ER - TY - JOUR T1 - Efficient Integration of Coupled Electrical-Chemical Systems in Multiscale Neuronal Simulations. JF - Front Comput Neurosci Y1 - 2016 A1 - Brocke, Ekaterina A1 - Bhalla, Upinder S A1 - Djurfeldt, Mikael A1 - Hellgren Kotaleski, Jeanette A1 - Hanke, Michael AB -Multiscale modeling and simulations in neuroscience is gaining scientific attention due to its growing importance and unexplored capabilities. For instance, it can help to acquire better understanding of biological phenomena that have important features at multiple scales of time and space. This includes synaptic plasticity, memory formation and modulation, homeostasis. There are several ways to organize multiscale simulations depending on the scientific problem and the system to be modeled. One of the possibilities is to simulate different components of a multiscale system simultaneously and exchange data when required. The latter may become a challenging task for several reasons. First, the components of a multiscale system usually span different spatial and temporal scales, such that rigorous analysis of possible coupling solutions is required. Then, the components can be defined by different mathematical formalisms. For certain classes of problems a number of coupling mechanisms have been proposed and successfully used. However, a strict mathematical theory is missing in many cases. Recent work in the field has not so far investigated artifacts that may arise during coupled integration of different approximation methods. Moreover, in neuroscience, the coupling of widely used numerical fixed step size solvers may lead to unexpected inefficiency. In this paper we address the question of possible numerical artifacts that can arise during the integration of a coupled system. We develop an efficient strategy to couple the components comprising a multiscale test problem in neuroscience. We introduce an efficient coupling method based on the second-order backward differentiation formula (BDF2) numerical approximation. The method uses an adaptive step size integration with an error estimation proposed by Skelboe (2000). The method shows a significant advantage over conventional fixed step size solvers used in neuroscience for similar problems. We explore different coupling strategies that define the organization of computations between system components. We study the importance of an appropriate approximation of exchanged variables during the simulation. The analysis shows a substantial impact of these aspects on the solution accuracy in the application to our multiscale neuroscientific test problem. We believe that the ideas presented in the paper may essentially contribute to the development of a robust and efficient framework for multiscale brain modeling and simulations in neuroscience.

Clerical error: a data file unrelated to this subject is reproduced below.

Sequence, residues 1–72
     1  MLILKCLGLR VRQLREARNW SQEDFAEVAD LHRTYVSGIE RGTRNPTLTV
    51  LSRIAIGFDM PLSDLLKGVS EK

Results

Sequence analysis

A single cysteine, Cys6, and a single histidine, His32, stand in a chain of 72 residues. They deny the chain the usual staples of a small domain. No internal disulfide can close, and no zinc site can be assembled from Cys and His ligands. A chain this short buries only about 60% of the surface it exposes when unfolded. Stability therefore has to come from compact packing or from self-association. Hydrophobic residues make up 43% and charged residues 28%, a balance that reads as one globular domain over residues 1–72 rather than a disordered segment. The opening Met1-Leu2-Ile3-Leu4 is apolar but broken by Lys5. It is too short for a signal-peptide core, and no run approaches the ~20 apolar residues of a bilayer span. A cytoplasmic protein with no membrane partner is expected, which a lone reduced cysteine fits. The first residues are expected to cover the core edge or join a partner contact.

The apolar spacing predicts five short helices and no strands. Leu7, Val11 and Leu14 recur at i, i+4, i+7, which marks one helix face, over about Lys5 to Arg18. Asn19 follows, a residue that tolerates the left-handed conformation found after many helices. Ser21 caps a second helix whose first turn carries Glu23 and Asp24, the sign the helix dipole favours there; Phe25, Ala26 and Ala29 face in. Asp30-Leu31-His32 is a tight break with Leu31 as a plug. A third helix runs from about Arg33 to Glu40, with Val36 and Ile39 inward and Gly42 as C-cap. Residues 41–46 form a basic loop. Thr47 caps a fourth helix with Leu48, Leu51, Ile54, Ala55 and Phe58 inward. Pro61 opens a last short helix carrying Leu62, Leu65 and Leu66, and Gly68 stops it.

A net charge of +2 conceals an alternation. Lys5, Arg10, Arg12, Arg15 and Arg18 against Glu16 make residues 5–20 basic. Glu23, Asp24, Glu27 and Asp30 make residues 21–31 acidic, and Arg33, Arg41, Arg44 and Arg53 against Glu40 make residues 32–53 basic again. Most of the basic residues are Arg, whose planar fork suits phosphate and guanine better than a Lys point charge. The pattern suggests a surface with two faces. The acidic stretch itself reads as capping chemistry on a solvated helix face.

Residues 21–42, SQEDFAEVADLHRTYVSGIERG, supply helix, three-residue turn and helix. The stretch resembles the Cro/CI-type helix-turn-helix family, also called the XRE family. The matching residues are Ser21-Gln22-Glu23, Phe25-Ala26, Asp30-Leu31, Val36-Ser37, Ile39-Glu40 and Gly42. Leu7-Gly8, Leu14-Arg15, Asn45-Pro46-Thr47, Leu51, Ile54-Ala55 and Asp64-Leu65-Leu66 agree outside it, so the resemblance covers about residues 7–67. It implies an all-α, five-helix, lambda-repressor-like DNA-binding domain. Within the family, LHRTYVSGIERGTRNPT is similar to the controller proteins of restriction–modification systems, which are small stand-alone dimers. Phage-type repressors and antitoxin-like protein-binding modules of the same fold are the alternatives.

VL - 10 ER - TY - JOUR T1 - Role of DARPP-32 and ARPP-21 in the Emergence of Temporal Constraints on Striatal Calcium and Dopamine Integration. JF - PLoS Comput Biol Y1 - 2016 A1 - Nair, Anu G A1 - Bhalla, Upinder S A1 - Hellgren Kotaleski, Jeanette AB -In reward learning, the integration of NMDA-dependent calcium and dopamine by striatal projection neurons leads to potentiation of corticostriatal synapses through CaMKII/PP1 signaling. In order to elicit the CaMKII/PP1-dependent response, the calcium and dopamine inputs should arrive in temporal proximity and must follow a specific (dopamine after calcium) order. However, little is known about the cellular mechanism which enforces these temporal constraints on the signal integration. In this computational study, we propose that these temporal requirements emerge as a result of the coordinated signaling via two striatal phosphoproteins, DARPP-32 and ARPP-21. Specifically, DARPP-32-mediated signaling could implement an input-interval dependent gating function, via transient PP1 inhibition, thus enforcing the requirement for temporal proximity. Furthermore, ARPP-21 signaling could impose the additional input-order requirement of calcium and dopamine, due to its Ca2+/calmodulin sequestering property when dopamine arrives first. This highlights the possible role of phosphoproteins in the temporal aspects of striatal signal transduction.

VL - 12 IS - 9 ER -